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Managing Diabetes Magazine - diabetes

Get Active!
Improve fitness and better manage your diabetes

Regular physical activity is a powerful tool in controlling diabetes. Activity helps to manage blood glucose and increases your body’s response to insulin. Over time, it can improve insulin action and help maintain weight loss. Physical activity may help reduce or occasionally even remove the need for medication. Exercise requires your body, especially working muscles, to use more oxygen than when you are inactive. Your muscles use more glucose to meet the need for more energy.

Physical activity burns calories, helping you shed pounds and maintain a healthy body weight. This helps keep blood pressure under control. High blood pressure strains blood vessels and makes your heart work harder than normal. Your risk of heart attack, stroke and kidney disease increases. Keeping your weight down may prevent or delay the start of type 2 diabetes and reduces the risk of high blood pressure.

Exercise can increase good cholesterol (HDL) and reduce bad cholesterol (LDL). LDL cholesterol can clog arteries and increase the risk of heart disease and stroke. Exercise improves circulation, especially to the arms and legs. This is a great benefit for anyone with circulation problems.

Physical activity is an effective way to reduce stress. Too much stress can increase blood glucose levels. Regular exercise helps you feel better and have more energy.

The Two Types of Exercise

Aerobic Exercise: This includes activities that involve muscle movements with little resistance, are moderate in intensity and last for ten minutes or more. Muscle energy is produced, using oxygen in combination with glucose and fat. The heart and breathing rates increase to provide more oxygen to exercising muscles. Aerobic activity is weight training for the heart. It makes the heart stronger, lowers blood fats and pressure, and uses up blood glucose. Examples of aerobic activities are brisk walking, jogging, running, cycling, swimming, dancing, rollerblading, cross-country skiing and, of course, aerobic classes.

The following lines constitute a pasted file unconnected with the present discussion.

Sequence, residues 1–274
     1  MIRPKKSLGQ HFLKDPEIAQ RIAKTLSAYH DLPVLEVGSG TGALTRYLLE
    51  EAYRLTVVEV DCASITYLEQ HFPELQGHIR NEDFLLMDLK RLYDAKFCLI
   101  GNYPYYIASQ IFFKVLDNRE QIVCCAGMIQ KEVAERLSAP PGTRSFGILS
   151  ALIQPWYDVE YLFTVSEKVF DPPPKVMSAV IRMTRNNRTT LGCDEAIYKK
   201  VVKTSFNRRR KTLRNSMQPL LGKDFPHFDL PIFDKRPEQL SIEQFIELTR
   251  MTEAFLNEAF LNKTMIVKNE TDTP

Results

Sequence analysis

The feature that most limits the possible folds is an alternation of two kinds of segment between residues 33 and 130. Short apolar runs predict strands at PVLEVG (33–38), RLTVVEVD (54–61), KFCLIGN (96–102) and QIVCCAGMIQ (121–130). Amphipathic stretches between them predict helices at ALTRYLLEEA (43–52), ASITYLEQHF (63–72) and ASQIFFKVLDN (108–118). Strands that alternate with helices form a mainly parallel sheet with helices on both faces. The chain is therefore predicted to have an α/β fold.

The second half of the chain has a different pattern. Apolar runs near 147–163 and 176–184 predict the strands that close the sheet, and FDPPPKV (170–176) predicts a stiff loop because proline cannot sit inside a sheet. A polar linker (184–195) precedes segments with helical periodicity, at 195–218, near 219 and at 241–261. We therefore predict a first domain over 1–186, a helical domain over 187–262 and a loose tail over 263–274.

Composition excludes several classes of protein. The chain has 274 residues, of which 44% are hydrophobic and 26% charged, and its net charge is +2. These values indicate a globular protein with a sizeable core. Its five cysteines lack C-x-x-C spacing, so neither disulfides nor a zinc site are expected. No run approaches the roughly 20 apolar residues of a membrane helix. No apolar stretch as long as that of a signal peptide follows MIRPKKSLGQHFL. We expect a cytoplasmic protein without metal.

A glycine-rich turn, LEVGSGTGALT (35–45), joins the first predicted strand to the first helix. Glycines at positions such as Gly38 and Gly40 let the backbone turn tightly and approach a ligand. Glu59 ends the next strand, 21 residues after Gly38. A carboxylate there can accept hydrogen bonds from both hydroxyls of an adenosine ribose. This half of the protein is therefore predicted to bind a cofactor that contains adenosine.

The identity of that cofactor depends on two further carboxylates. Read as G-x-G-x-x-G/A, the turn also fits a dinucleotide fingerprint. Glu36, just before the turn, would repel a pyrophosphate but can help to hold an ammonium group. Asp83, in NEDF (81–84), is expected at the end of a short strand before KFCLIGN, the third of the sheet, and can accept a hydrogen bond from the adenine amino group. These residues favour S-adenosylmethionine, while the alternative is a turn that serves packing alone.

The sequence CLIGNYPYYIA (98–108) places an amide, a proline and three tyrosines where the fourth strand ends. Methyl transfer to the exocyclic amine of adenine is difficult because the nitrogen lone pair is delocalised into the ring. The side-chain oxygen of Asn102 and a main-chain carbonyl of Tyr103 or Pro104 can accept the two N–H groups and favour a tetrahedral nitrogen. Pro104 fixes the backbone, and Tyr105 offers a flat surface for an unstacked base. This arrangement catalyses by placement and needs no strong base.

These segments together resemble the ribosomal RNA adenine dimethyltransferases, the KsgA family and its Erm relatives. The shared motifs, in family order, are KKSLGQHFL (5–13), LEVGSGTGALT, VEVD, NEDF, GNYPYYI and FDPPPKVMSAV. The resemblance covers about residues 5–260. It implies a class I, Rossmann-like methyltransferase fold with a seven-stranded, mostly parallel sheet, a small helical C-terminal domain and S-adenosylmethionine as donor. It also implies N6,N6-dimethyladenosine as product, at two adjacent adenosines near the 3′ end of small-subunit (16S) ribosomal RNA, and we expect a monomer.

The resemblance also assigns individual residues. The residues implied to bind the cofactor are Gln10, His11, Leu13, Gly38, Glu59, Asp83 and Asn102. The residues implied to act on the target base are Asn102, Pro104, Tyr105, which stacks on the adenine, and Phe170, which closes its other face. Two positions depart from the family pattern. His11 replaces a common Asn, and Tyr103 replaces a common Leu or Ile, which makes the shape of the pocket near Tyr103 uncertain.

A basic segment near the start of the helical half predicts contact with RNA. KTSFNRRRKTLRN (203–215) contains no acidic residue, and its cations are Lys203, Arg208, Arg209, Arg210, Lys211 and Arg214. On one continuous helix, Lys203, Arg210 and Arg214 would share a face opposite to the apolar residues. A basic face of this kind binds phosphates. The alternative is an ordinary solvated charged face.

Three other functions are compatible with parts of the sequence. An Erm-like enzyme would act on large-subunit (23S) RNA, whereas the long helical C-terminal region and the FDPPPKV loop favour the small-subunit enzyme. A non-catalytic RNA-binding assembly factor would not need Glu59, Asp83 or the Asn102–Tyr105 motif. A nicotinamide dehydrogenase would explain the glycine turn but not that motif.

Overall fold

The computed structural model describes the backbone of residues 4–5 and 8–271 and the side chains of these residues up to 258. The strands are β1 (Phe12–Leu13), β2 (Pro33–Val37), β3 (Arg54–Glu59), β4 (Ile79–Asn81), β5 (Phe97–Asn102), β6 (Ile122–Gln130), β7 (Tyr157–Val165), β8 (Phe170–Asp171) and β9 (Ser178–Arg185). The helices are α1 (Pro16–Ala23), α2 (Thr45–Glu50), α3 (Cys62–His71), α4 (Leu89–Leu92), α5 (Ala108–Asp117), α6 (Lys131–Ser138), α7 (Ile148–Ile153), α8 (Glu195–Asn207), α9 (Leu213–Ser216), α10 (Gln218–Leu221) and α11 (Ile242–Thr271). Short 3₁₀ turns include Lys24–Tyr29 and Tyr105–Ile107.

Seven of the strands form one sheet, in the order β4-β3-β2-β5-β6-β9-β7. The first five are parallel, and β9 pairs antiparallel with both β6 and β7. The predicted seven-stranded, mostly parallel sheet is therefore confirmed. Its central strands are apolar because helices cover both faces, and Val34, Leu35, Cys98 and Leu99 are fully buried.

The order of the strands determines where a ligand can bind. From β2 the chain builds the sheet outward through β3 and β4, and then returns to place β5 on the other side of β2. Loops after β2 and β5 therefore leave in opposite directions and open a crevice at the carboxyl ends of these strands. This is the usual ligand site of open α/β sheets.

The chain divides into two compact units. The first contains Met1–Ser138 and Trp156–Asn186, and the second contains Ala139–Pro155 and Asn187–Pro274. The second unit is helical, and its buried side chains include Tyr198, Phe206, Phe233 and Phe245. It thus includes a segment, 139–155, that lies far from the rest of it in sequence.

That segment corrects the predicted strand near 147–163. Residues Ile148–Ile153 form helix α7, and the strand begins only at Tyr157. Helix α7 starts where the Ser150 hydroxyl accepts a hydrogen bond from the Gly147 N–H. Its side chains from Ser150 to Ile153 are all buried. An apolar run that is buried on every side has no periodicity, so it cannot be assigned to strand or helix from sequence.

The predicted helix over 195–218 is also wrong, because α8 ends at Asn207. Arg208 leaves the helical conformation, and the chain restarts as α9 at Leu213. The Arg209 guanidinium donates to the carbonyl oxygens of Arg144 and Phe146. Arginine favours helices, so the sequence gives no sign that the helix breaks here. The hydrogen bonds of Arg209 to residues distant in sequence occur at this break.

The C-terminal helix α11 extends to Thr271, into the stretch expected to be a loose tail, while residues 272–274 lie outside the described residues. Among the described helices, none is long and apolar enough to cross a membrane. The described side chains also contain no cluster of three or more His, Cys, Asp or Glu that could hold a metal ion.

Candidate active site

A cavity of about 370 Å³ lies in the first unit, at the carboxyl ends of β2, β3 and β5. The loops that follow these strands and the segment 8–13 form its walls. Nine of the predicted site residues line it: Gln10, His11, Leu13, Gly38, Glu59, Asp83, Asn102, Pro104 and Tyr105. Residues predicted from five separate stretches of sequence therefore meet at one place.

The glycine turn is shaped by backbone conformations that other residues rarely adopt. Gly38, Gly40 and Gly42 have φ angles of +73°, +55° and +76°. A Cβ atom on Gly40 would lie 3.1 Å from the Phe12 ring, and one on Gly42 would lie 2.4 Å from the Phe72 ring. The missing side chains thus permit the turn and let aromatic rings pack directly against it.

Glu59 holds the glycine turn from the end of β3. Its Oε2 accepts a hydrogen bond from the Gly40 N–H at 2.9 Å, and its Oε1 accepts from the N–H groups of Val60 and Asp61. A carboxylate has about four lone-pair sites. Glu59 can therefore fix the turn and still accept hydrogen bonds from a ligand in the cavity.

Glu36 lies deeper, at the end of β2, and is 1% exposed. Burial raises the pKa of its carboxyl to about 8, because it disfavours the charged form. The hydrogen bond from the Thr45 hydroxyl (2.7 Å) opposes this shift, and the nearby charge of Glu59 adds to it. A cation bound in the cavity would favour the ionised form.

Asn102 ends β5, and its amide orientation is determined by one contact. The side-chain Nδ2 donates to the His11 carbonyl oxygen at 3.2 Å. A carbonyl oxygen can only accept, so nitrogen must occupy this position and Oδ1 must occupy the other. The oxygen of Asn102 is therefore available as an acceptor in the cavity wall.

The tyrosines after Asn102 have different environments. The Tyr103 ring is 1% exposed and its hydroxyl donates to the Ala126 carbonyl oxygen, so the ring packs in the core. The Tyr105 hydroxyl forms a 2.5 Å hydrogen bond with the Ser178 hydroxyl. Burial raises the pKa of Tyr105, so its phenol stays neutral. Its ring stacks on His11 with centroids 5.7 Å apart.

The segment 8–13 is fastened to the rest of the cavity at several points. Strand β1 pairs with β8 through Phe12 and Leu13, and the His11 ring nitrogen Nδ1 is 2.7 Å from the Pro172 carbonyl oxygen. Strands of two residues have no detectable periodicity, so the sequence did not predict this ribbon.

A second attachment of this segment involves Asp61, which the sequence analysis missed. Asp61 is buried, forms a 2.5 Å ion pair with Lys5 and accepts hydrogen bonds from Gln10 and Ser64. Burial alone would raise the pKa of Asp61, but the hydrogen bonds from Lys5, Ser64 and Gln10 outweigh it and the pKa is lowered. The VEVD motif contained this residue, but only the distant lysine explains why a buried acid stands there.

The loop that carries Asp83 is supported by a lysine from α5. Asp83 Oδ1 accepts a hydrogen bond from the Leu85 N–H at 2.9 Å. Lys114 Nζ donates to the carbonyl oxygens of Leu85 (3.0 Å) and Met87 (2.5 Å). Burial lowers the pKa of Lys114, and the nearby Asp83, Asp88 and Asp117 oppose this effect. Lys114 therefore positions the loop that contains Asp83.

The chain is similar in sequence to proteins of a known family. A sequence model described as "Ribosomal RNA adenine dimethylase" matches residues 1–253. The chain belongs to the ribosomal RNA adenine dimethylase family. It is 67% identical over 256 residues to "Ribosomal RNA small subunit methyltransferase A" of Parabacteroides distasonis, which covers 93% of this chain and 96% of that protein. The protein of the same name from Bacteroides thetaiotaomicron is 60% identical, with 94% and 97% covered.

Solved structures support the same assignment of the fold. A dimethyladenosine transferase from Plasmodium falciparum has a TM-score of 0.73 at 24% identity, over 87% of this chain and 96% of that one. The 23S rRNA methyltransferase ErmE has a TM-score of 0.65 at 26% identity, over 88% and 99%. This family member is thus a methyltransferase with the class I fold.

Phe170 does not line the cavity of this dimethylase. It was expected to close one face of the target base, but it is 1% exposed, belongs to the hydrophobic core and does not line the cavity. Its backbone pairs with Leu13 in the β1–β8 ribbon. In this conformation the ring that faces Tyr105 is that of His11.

Anaerobic Exercise: This refers to activities that offer muscle resistance, such as weightlifting, where short bursts of energy are required. Since intensity is high, the activity often lasts for only a couple of minutes or less. This kind of exercise builds muscle but does not strengthen the heart and lungs.

A good, balanced activity program includes both types of exercise. If you have diabetes, plan to accumulate at least 150 minutes of moderate intensity aerobic exercise each week. Space the exercise out over at least three non-consecutive days of the week. You are also encouraged to perform resistance exercise three times per week.

Tips for exercising safely

  • Always check with your diabetes management team before starting or increasing an exercise program. They can help you determine what your blood glucose level should be before and after exercise. Your team can assess you for conditions that might prevent you from performing certain types of exercise, predispose you to injury or be related to a higher chance of cardiovascular disease. You may also need advice on adjusting any medications.
  • Check your blood glucose level before and after your exercise session. This helps you decide whether your level is too high to exercise safely. It also lets you know if you need to take action before you exercise to prevent hypoglycemia (low blood glucose).
  • To avoid hypoglycemia, the best time to exercise is one to two hours after a meal. If you like to exercise in the morning, eat a meal before you begin.
  • If you take insulin, balancing your blood glucose levels may be easier if you exercise at the same time every day.
  • Activities that jar (such as squash) or strain (such as heavy weightlifting) can damage fragile blood vessels in the eye. If you have eye disease (retinopathy), avoid these activities.
  • Have a thorough foot examination before starting your activity program. Invest in the right footwear for your activity and consider using gel or air insoles in your shoes. Keep your feet dry and prevent blisters by wearing cotton or cotton-poly blend socks.
  • If you have a loss of sensation in your feet, choose non-weight bearing activities such as cycling or swimming.